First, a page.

It is no wonder this week's "Monday Night Football" prime-time game hit its lowest season viewership.

Unfortunately, young people tend to view these players as role models. This has led to the unthinkable occurring at an elementary school in Atlanta, Georgia, where patriotism was seen as a vice rather than a virtue. After two boys stood in class to recite the Pledge of Allegiance, classmates bullied them.

Another reason it is unfortunate these players, by virtue of being provided a national stage, are viewed as role models is that, on average, one NFL player is arrested every seven days. Yet America's real heroes remain in the shadows in places like Niger.

Unsurprisingly, protesters' actions convey a negative message to young people about America and its values. Today, among 33.4 million Americans eligible by age to serve in uniform, a limited pool of only 136,000 - or 0.004 percent - exists after factoring in quality, standards and interest. Meanwhile, America's false heroes do little to focus the spotlight on the real heroes deserving of our young people's adulation.

NFL protesters might try learning a lesson about respecting the flag from two Florida 11-year-old boys. Responsible for retiring their school's flag at day's end, they smartly did so in a driving rain, even taking the time to fold it 13 times as formal protocol requires.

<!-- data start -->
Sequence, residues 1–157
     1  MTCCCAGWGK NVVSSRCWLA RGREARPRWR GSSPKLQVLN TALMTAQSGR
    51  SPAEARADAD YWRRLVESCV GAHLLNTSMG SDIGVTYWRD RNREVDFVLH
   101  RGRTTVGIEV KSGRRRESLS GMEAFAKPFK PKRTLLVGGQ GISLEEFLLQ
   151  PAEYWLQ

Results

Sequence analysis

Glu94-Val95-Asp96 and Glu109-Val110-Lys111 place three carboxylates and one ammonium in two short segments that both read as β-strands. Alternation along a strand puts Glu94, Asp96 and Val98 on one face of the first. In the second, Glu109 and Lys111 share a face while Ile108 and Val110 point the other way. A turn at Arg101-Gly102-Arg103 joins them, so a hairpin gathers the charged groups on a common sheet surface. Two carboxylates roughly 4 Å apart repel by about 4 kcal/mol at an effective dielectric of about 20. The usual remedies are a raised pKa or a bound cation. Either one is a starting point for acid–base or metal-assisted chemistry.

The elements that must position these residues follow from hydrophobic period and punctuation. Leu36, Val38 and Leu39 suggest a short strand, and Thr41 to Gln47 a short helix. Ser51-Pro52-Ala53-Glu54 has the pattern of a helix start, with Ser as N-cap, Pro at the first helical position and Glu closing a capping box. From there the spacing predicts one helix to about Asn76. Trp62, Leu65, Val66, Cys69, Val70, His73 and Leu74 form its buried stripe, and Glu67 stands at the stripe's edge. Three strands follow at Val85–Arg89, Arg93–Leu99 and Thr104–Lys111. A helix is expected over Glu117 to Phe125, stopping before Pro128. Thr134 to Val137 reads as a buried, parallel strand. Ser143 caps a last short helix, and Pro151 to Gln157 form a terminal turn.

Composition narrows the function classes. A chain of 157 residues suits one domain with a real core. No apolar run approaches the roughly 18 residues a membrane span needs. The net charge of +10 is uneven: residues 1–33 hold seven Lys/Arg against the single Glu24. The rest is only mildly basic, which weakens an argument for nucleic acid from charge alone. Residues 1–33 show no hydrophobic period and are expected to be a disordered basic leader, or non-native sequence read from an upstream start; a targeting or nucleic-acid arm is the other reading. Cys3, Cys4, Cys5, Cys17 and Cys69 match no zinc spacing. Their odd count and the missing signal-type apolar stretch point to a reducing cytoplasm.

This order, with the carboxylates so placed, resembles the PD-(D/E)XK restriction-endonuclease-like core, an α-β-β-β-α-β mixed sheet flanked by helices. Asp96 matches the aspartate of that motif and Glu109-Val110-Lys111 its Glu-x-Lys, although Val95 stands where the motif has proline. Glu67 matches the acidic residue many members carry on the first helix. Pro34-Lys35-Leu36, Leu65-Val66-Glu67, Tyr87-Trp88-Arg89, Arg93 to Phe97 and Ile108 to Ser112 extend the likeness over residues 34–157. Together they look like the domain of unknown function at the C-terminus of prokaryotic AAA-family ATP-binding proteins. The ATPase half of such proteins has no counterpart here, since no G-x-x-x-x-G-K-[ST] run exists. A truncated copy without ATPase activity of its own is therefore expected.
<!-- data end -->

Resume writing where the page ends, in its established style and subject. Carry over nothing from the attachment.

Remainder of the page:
George Orwell observed, "People sleep peaceably in their beds at night only because rough men stand ready to do violence on their behalf." The three Green Berets we lost last week were of that breed. Ironically, it is their sacrifice that allows these NFL players to "sleep peaceably" at night. They do so, unaffected by the slap in the face they deliver by disrespecting the flag for which such "rough men" valiantly died.

A version of this piece also appeared on http://www.wnd.com/   

Lt. Colonel James G. Zumwalt, USMC (Ret.), is a retired Marine infantry officer who served in the Vietnam war, the U.S. invasion of Panama and the first Gulf war. He is the author of "Bare Feet, Iron Will--Stories from the Other Side of Vietnam's Battlefields," "Living the Juche Lie: North Korea's Kim Dynasty" and "Doomsday: Iran--The Clock is Ticking." He frequently writes on foreign policy and defense issues.